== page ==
Sigmar Polke was one of the most influential artists of the mid-to-late 20th century. German by birth and education, his art garnered international attention throughout the 1970s and 1980s, and he continued to make pioneering art up until his final year in 2010. Polke spearheaded the German Pop Art movement called Capitalist Realism during the 1970s alongside Gerhard Richter and several others. Like Richter, Polke derived his subject matter from the world of mass media and popular culture, creating an acerbic, yet witty commentary on the nature of capitalist society in the wake of World War II and the political instabilities of Soviet Germany. We look through some of the most defining features of this radical and influential contemporary artist.
Sigmar Polke Was a Pioneering German Artist
Sigmar Polke achieved a significant international reputation during his lifetime, but his art came from a resolutely German sensibility. Born in Poland in 1941, he grew up in East Germany from the age of 2 onwards. The family fled from East to West Germany when Polke was 12 years old, escaping the post-war restrictions of communist East Germany. He trained at the Dusseldorf Arts Academy, and his teachers included esteemed German artists Karl Otto Gotz and Joseph Beuys. Both teachers encouraged their students to take a radical, politicized approach to making art.
An Inventor of German Pop Art (Capitalist Realism)
Polke was still a student at Dusseldorf when he teamed up with his friends and fellow students Gerhard Richter and Konrad Lueg to found the Capitalist Realism movement in 1963. The artists called the movement Germany’s answer to Pop Art. In contrast with both American and British Pop Art, their take on bringing popular culture into their art was far more cutting, edgy and off-beat, with an undercurrent of the sinister and uneasy. The movement’s name was a play on post-war capitalism that dominated West Berlin, and the Socialist Realism of the East.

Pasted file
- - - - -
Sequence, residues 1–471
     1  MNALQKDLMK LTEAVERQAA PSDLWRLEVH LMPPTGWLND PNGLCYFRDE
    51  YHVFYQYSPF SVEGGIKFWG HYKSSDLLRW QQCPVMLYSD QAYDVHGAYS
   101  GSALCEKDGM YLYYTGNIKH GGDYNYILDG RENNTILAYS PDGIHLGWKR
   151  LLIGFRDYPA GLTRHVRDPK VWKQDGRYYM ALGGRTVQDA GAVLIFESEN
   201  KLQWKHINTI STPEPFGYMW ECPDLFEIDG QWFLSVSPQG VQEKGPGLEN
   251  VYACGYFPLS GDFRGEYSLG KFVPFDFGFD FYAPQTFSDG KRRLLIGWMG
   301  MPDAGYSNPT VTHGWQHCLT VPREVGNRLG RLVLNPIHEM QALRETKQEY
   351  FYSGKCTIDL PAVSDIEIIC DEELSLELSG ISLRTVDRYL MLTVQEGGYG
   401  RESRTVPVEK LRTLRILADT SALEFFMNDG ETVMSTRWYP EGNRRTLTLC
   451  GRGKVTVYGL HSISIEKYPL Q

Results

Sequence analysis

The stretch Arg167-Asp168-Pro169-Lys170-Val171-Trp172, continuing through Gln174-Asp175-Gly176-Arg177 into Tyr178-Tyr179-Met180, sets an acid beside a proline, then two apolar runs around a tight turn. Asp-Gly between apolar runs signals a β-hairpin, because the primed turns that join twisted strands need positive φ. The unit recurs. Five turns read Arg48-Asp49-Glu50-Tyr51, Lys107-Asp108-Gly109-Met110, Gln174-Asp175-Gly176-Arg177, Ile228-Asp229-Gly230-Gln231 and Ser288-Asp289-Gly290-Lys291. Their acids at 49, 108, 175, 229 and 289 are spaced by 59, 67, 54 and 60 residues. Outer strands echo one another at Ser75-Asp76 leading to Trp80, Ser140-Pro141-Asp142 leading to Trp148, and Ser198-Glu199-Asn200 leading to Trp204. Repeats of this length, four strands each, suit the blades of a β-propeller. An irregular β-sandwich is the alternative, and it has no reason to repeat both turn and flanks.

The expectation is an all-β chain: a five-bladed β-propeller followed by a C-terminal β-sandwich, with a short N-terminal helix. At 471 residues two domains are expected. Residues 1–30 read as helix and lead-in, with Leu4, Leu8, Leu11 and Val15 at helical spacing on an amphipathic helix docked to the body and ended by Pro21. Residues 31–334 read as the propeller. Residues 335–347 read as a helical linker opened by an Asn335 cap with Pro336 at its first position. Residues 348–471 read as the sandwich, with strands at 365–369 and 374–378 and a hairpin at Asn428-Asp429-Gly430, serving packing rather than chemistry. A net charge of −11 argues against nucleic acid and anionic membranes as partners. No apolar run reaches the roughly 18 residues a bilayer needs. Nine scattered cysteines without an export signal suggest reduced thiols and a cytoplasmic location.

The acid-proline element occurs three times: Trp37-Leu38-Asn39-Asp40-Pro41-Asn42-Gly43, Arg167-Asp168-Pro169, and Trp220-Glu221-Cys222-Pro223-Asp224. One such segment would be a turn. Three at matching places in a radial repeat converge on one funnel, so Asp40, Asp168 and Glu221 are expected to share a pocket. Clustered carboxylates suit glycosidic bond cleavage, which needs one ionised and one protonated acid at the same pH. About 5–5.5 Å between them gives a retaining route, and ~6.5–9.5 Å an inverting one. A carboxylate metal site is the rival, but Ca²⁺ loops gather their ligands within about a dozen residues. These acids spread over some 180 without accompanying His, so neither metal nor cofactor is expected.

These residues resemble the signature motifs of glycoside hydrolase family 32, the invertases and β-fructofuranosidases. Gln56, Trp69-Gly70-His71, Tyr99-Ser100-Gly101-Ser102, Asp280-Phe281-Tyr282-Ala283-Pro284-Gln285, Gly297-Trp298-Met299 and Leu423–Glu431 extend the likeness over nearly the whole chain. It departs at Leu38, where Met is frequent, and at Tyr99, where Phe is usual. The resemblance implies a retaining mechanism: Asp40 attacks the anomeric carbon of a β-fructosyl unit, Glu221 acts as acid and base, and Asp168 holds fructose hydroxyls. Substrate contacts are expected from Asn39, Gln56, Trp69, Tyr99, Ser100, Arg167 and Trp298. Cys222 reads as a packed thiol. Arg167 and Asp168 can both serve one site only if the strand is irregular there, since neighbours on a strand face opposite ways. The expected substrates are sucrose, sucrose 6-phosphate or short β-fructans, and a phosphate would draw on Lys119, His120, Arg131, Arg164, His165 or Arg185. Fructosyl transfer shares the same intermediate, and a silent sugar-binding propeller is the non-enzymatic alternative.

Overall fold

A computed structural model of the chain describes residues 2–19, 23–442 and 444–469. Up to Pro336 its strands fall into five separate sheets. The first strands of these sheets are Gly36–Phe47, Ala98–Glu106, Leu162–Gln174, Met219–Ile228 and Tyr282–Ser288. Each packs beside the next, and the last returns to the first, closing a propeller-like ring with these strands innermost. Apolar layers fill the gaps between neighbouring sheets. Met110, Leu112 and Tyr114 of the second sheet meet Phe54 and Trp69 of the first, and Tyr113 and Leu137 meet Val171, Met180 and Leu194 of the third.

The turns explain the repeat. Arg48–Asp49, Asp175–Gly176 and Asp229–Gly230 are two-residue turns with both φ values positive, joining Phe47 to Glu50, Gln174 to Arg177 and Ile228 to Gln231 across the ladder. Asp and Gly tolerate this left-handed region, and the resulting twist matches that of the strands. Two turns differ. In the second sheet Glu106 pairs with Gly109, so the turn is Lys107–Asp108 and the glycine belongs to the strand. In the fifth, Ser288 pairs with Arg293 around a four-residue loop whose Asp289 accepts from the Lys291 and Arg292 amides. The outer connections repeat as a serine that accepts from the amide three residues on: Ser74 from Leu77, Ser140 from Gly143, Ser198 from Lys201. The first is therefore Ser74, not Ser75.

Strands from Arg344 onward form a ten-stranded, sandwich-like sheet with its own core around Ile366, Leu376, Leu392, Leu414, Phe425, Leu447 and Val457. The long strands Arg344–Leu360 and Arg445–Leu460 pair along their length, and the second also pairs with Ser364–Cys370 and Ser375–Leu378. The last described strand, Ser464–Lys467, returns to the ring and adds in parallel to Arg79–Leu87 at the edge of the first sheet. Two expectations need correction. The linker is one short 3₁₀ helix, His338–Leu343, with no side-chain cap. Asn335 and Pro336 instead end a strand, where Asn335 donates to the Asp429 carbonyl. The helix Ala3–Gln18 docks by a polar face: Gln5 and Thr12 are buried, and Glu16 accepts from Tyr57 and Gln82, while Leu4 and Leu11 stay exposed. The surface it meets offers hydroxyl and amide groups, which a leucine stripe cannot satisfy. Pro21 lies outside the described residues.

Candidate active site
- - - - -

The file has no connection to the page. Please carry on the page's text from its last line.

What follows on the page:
Polke in particular often made oblique or obscure references to distinctly German themes. For example, in Polke’s early painting The Sausage Eater, 1963, he paints a generic, everyman figure devouring an entire row of sausages, a symbol of German luxury food exports, and thus destroying himself in the process, a metaphor for the destructive habits of capitalism.
The King of Dots
Get the latest articles delivered to your inboxSign up to our Free Weekly Newsletter
One of Sigmar Polke’s trademark stylistic tropes was the use of grainy, pixelated dots, which he called his ‘rasterbilder’, made up of rasterised dots. On the one hand, Polke made reference to Roy Lichtenstein’s Ben-Day dots, which themselves references the world of mass-produced printing processes. But Polke’s dots are dirtier and grainier, replicating the language of cheap photocopiers and their ability to disperse printed images into a smattering of indistinct, almost pointillist dots. In his early rasterbilder Polke painted each dot by hand, using a pencil eraser dipped in paint or pigment to mark the page, and leaving his mistakes evident on the page.
Later, he became increasingly inventive, bringing dots into a range of printed processes. We see Polke’s painted dots come alive in artworks such as Girlfriends, 1965, The Goatwagon, 1992, and the later Untitled (Triptych), 2002.
He said, “I like the way that the dots in a magnified picture swim about. The way that motifs change from recognizable to unrecognizable, the undecided, ambiguous nature of the situation, the way it remains open.”
Sigmar Polke Worked Across a Wide Range of Media
From early in his career Polke was a great experimenter, and he expanded his ideas around how German political and popular culture imagery could be translated into works of art. Among the many techniques he worked with are painting, printmaking, photography, performance, sculpture, installation, film and video. In all his artworks Polke made wry, cutting commentaries about pertinent socio-political themes. His approach to making art was widely influential across Europe throughout the 1970s and 1980s, most notably with German artists including Martin Kippenberger and Albert Oehlen.